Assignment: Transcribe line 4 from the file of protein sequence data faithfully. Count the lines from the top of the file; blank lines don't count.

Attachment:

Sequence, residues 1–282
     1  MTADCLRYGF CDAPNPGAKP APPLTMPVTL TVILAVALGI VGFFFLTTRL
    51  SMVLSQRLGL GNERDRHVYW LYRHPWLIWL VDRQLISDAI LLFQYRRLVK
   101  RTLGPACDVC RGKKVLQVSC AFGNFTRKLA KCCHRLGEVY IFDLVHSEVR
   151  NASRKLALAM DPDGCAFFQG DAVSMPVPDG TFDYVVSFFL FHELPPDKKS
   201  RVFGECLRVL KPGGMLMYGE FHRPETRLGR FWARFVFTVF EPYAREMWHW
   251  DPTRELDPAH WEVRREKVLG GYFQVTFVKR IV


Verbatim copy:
   101  RTLGPACDVC RGKKVLQVSC AFGNFTRKLA KCCHRLGEVY IFDLVHSEVR